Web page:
Online exhibition Queering Family Photography captures the personal and public characterizations of kinship
THE FAMILY CAMERA NETWORK (FamCam) is a collaborative project that explores the relationship between photography and the idea of family, whether of origin or of choice, as is the case with LGBTQ2+ communities.
The Family Camera collection at The ArQuives (Canada’s LGBTQ2+ Archives, formerly the Canadian Lesbian and Gay Archives) explores the critical work that queer, trans, and two-spirited family photos do in documenting and creating queer modes of belonging, and how our emotional attachments to queer family photographs have also sustained LGBTQ2+ lives.
These images are part of the collection at The ArQuives and featured in the online exhibition Queering Family Photography. They capture fleeting moments of love and desire, as well as generational bonds, and the ways that LGBTQ2+ communities creatively reimagine family, linking public and private spheres together.
From April 2016 to March 2019, The Family Camera Network established a public archive of family photographs and their stories at the Royal Ontario Museum and The ArQuives. This archive contains more than 17,000 photographs, 60 albums, 37 home videos, and almost 800 other objects along with 42 oral history interviews. By preserving family photos and their stories, this public archive provides an important resource to write new histories of photography, family, and Canada.
Candid Polaroid prints from the 1970s to the1990s brought desires into view while limiting the threat of public exposure at a time when non-normative sexualities and genders were strictly surveilled and policed. This technology of instant intimacy has also captured and created camp, queer humour, and two-spirited kinship during moments of levity and connection. Although the demise of Polaroid coincided with the digital turn, its influence persists in the era of social media, which embraces the immediacy and spontaneity that older instant cameras introduced.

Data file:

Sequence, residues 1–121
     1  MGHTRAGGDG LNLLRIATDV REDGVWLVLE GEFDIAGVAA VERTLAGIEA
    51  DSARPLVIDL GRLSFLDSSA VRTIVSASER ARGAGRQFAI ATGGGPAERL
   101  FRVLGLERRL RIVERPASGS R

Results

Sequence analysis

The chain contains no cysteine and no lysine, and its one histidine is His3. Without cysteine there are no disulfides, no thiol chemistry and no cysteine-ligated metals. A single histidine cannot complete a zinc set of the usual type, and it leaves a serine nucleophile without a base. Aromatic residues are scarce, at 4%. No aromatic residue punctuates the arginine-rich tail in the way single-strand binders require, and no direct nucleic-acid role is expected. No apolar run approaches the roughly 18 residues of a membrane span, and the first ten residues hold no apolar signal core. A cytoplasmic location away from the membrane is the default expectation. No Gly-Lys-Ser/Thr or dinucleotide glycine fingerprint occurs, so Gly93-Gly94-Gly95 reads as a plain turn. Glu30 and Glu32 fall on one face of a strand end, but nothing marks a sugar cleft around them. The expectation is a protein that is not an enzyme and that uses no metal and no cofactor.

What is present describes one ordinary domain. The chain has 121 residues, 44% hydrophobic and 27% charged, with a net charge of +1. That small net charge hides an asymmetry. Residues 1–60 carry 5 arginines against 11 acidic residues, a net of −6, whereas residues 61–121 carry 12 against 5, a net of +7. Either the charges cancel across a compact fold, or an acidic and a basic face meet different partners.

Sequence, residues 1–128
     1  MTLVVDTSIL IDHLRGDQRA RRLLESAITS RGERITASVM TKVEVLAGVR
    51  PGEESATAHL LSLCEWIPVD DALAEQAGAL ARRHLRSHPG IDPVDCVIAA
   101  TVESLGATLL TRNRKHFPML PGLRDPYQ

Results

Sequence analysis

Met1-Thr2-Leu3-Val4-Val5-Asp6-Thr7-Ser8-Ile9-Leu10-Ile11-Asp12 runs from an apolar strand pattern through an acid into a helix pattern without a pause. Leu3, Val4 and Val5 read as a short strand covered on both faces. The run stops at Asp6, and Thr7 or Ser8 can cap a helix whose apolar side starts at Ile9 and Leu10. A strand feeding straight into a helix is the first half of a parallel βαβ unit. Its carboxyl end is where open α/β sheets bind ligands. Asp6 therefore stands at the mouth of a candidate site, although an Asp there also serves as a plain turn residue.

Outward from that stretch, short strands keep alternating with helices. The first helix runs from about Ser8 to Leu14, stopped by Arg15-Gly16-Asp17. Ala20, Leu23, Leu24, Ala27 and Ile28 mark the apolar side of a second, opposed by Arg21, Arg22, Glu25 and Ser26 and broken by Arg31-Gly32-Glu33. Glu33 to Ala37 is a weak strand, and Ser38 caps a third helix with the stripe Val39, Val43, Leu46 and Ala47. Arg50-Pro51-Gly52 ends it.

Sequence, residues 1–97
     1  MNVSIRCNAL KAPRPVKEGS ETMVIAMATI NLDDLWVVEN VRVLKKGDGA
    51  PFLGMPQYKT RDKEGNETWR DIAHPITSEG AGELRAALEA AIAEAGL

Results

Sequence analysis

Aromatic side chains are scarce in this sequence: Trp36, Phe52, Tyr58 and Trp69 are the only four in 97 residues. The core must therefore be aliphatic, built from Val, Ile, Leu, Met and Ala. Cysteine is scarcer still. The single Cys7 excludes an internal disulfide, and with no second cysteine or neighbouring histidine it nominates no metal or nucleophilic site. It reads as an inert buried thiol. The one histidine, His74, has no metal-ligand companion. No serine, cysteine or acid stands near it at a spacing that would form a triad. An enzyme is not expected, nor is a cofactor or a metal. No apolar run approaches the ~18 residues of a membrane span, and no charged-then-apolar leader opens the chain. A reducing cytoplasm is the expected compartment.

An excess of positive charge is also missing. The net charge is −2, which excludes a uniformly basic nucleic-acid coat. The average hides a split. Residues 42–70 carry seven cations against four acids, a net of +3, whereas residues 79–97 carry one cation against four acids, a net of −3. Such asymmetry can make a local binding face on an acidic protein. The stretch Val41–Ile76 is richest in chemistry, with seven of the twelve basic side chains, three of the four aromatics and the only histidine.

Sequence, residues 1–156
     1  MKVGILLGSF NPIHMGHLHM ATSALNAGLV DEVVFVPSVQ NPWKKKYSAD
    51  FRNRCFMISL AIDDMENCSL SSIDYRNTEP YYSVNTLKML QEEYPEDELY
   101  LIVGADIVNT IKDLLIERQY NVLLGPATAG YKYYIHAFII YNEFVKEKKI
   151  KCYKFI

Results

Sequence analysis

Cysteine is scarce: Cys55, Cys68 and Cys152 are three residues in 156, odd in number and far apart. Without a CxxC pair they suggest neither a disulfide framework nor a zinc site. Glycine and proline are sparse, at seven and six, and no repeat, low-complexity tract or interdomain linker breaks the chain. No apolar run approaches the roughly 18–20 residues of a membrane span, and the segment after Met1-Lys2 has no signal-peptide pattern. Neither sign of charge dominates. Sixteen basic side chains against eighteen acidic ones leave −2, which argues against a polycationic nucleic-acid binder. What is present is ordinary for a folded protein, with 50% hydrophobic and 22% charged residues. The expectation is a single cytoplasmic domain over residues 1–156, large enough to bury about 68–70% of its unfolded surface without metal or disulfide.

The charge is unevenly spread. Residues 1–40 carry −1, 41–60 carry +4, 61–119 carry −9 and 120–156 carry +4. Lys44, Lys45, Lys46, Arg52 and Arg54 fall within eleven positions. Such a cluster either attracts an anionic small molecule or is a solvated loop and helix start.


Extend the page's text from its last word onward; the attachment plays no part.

Domestic images document more than private spheres; they also shape domesticity as an ideology that forms gender roles and polices sexuality in a way that intersects with the public sphere. LGBTQ2+ people make and remake family by creating domestic images that redefine normative meanings of “daddies,” mothers, siblings, and kids. LGBTQ+ people have reimagined these domestic descriptors in queer family photographs taken not only inside homes but also in public spaces: at the beach, in a stairwell, on the street, and elsewhere. Domesticities highlight the generational bonds between parents and children, between romantic partners, and between strangers who, despite their brief connection, come together in defiance of norms and laws that criminalize queer desire and gender expression.
LGBTQ2+ people draw on photography to expand and queer the notion of family through spectacular and quotidian means, including the highly visible space of the street and park, and less visible spaces such as bathhouses, coffeehouses, and clubs. Both types of spaces are pivotal for expressing queer desire yet are targets for state suppression. Events such as pow-wows provide opportunities to reflect further on Two-Spirited kinship in relationship to Indigenous cultures and queer modes of belonging. In a neoliberal era, however, many queer family spaces have become gentrified and commodified in a process that benefits some LGBTQ2+ community members while marginalizing others on the basis of class and race.